Cuco by Waylon O’Day

If you haven’t heard of Cuco, don’t feel like you’ve been living under a rock, which you have. Take solace in the fact that, I too, was living under a rock until I heard this 19-year-old’s immaculate music. When I first saw the line-up for this showcase, the only name I didn’t recognize was his. Obviously, I wanted to see what I was going to have to listen to in between two of my favorite bands. What I found changed me, deep, deep inside. “Lo Que Siento” was the track that did this to me. Beautiful, sappy guitar chords, that feel like they are straining under the weight of psilocybin-infused jelly. A calm, almost emotionally-stunted, talk-sing voice telling a long-distance love not to worry, reassuring them that their love is still there. Not only that, but the lyrics switch, on what seems like a whim, from English to Spanish, making the already sensual track downright sexy. Cuco brought his unique form of lo-fi bedroom-pop to a huge crowd at Banger’s, leaving an impression on everyone in attendance. Performing songs from across his discography, including “Lover is a Day,” and “Amor de Siempre,” both from his 2016 Wannabewithu, as well as “One and Only,” and “Lava Lamp,” from 2017’s Songs4u. Some of the highlights included when early in the set Cuco performed “Lo Que Siento,” or when he stopped the set to plug in his iPhone, or when Cuco broke out the trombone and began to blow minds with his brass. I’m a sucker for any sort of brass instrument in contemporary music, so I really enjoyed this. However, I think the funniest/weirdest highlight was when one of his keyboardists took center-stage for a song, and reached into the crowd and took a hit from an audience member’s vape pen. Was there THC in that? I don’t know, but my guess would be yes. Cuco’s stage banter was more akin to hip-hop artists, telling the crowd to “get lit,” and other things of that nature. It was sort of off-putting for someone who makes such heart-felt music, but I guess I should’ve known that was his attitude when he and his band came decked out in various designer brands, such as Supreme, BAPE, and Champion. Hey, I’m not knocking it, when I was 19, I still wore Supreme and thought I was the s***t, so I can’t rag on them too hard. At heart these are just some kids having fun for themselves, and if the fans enjoy it, then that’s a bonus.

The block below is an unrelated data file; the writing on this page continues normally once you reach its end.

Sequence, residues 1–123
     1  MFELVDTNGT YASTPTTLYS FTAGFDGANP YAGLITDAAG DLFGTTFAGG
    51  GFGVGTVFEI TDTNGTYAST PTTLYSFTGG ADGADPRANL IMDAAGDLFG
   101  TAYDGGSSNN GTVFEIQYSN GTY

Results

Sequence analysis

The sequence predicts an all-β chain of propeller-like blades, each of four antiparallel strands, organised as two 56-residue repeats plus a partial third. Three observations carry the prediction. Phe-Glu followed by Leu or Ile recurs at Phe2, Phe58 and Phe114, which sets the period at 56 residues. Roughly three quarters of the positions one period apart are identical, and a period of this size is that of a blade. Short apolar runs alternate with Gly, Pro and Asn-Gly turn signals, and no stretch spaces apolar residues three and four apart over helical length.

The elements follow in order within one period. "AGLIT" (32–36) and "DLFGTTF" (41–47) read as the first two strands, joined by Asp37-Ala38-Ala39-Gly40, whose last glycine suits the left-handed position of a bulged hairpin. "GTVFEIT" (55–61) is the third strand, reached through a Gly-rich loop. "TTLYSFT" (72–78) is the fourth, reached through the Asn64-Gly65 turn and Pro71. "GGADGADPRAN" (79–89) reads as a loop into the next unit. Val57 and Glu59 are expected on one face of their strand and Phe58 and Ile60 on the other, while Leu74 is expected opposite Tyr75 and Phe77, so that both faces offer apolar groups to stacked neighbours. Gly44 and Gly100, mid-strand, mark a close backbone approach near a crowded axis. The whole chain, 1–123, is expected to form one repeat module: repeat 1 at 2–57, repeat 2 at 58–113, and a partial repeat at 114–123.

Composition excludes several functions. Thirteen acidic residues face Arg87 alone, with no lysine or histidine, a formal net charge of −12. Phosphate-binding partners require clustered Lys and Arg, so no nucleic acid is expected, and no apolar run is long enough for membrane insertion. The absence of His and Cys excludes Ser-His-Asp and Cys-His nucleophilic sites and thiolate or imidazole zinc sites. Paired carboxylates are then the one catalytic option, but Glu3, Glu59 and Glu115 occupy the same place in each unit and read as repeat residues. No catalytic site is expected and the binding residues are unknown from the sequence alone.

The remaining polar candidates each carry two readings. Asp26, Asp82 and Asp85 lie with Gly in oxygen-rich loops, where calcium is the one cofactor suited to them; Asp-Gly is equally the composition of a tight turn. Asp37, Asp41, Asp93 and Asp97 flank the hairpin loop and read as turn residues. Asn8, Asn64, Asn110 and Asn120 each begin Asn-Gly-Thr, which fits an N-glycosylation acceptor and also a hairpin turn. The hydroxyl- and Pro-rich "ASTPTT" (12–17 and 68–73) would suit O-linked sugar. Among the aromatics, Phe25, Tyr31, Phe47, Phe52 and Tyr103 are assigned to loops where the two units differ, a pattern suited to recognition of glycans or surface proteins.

Wavves by Waylon O’Day